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ELIJAH & the FAMINE

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  • ELIJAH & the FAMINE

    ELIJAH & the FAMINE

    by Dale Garris


    "And Elijah said unto all the people, Come near unto me. And all

    the people came near unto him. And he repaired the altar of the

    Lord that was broken down." - 1 Kings 18:30


    Just a few years before this showdown on Mount Carmel, Israel

    had been lush with prosperity and wealth. King Ahab had led the

    Israelites on a path that led farther away from the old, established

    worship of God than any before him, and had brought them to a life

    of riches, prosperity, and licentiousness.


    The gods that he and his wife Jezebel had enticed the people of

    God with appealed to their earthly and fleshly desires. No longer

    did they have to be constricted with an old religion that demanded

    holiness and the fear of the Lord. No longer did they have to lead a

    life of separation from the things of the world that other, more

    prosperous nations enjoyed. They could enjoy the prosperity and

    fullness of riches without the constraints of a religion that had

    become outmoded and old-fashioned.


    Life was good. So when Elijah pronounced the judgments of God

    upon Israel, they laughed him out of the king's court. The true

    prophets of God had been eradicated from the public place and

    were no longer a thorn in the side of everyone who wanted the

    rewards of love, peace, and prosperity. You were no longer allowed

    to mention the name of Jehovah, much less pray to him in a public

    place. They now had priests and prophets of Baal that had

    replaced those old critical and judgmental men who had caused

    such consternation in the land.


    Elijah had stood as the one, lone voice who cried for a return to

    righteousness.


    And who was this hairy old man? He didn't seem to be of any real

    consequence. He had no credentials, no theological bearing, and

    no consequential importance. Even his dress revealed his lack of

    social prominence and his irrelevance in such a modern,

    sophisticated time as this.


    Ahab's ears may have been deaf to Elijah's pronouncement, but

    when Elijah spoke, God listened.
    The Ahab's court may have

    derided him with laughter as he stood before the king, but 3 years

    later, no one was laughing.

    NOTE from Lou: I would say instead, when God spoke Elijah listened. No move of God starts with any man. But God inspires men to seek Him and pray to Him and speak for Him.


    We have followed a course similar to the one that Ahab had led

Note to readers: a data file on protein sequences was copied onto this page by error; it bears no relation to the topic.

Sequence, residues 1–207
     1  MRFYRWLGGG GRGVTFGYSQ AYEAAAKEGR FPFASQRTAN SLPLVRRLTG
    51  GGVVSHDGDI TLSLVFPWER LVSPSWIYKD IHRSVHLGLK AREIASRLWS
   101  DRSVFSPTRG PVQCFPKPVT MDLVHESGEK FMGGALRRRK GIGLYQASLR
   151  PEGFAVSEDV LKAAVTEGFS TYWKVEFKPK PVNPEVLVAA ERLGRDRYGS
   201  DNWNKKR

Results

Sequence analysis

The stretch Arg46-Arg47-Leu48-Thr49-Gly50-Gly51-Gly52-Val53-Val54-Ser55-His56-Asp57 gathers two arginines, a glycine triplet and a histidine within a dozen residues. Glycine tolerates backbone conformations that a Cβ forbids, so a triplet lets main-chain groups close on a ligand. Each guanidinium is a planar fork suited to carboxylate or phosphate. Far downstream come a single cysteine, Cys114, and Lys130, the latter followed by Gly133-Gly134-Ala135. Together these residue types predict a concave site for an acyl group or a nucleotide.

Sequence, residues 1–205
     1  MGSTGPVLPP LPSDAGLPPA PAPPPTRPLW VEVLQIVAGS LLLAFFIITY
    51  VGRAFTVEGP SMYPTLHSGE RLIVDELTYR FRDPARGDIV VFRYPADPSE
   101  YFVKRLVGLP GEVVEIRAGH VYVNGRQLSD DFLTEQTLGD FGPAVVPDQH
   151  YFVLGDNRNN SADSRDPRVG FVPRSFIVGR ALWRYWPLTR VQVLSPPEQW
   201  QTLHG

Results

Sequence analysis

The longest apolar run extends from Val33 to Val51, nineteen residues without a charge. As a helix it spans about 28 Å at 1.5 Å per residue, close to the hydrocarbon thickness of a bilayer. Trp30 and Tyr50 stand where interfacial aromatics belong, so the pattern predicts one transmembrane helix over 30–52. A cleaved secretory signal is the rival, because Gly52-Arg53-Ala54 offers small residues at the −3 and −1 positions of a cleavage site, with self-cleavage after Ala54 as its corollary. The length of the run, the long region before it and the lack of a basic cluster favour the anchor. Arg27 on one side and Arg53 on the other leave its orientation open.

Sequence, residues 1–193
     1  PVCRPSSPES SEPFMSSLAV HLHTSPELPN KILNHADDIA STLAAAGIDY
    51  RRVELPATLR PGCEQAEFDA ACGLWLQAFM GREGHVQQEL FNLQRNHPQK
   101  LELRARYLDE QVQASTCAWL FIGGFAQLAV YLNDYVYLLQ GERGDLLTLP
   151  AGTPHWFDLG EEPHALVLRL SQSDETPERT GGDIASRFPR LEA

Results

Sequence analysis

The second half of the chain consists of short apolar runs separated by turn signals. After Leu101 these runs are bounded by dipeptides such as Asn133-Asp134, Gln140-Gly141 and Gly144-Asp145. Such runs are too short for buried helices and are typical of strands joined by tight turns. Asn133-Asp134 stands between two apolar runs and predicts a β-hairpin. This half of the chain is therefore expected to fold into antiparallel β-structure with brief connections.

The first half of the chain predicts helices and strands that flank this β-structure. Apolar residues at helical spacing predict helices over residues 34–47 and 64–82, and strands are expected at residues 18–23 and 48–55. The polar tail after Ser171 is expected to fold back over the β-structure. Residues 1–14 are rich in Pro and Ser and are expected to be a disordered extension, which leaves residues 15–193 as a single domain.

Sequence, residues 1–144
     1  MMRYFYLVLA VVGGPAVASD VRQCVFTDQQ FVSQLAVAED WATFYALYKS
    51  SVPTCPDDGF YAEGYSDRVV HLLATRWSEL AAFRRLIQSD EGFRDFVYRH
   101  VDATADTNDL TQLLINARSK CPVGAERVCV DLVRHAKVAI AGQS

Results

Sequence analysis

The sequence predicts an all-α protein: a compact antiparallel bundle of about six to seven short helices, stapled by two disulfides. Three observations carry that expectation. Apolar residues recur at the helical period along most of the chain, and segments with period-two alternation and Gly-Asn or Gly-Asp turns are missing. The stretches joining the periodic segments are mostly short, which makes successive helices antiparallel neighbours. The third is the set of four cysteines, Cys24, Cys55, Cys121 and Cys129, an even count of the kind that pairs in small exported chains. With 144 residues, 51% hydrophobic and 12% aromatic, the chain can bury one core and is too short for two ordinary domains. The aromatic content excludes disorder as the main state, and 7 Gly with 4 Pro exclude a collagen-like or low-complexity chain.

Israel down. The Gospel we listen to is far different than the Gospel

    our grandfathers believed in. We decry the old brush arbor

    revivalists as hard, judgmental men who did not understand the

    love of God, and we have traded their message of repentance and

    holiness for one that is a kinder, gentler approach which promises

    love and peace and prosperity.


    But the love, peace, and prosperity that our modern prophets have

    promised us are but a worldly shadow of that which God offers us

    through a walk of righteousness in the fear of the Lord.


    We have been like the Israelites at the foot of Mount Sinai - we

    feared and trembled at the presence of God when the mount shook

    with fire and smoke, but as soon as Moses departed up the

    mountain and we were left to our own devices, we made for

    ourselves a golden calf to worship in God's place.


    I have said for 7 years now that something is coming to America

    that will be far worse than 9/11, but I never knew what form that

    judgment would take. Would it be a dirty nuclear explosion in one

    of our cities, or an epidemic, or some natural disaster? We would

    be hurt, but it wouldn't take long to go back to our old ways. We

    are the great and mighty America, and we have an innate belief

    that we will always bounce back and dominate.


    What if it wasn't any of those imagined disasters, but something

    that struck right to the heart of that which we cherish the most?

    What if we lost our prosperity and wealth? And what if it

    consumed every level of our society and every part of our country?


    We are living in that time of drought when the ravens fed Elijah by

    the brook Cherith, right after he fled the king's court.


    We look to our televangelists who promise us blessings, and

    refuse to consider that our lust for those promises is what has led

    us to this drought in the first place. But we still flip on the TV and

    hope for a word of encouragement that will convince us to hang on

    to a Gospel that has a form of godliness, but denies the power

    thereof. And of course, they tell us exactly what we want to hear,

    along with an encouragement to send them your money so that

    God can release His blessings all over you - but never a word of

    reproof or repentance.


    The job of a prophet is not to tell you how beloved you are, how

    many blessings God wants to bestow upon you, or how much love

    is in your church. The job of a prophet is to rebuild the old broken

    down altars of God and declare unto the people of God their sins

    and transgressions so that they may come to a place of

    repentance and, once again, return to the true God of Israel.


    "Because thou sayest, I am rich, and increased with goods, and

    have need of nothing; and knowest not that thou art wretched, and

    miserable, and poor, and blind, and naked... As many as I love,

    I rebuke and chasten: be zealous therefore, and repent." - Rev 3:17-19
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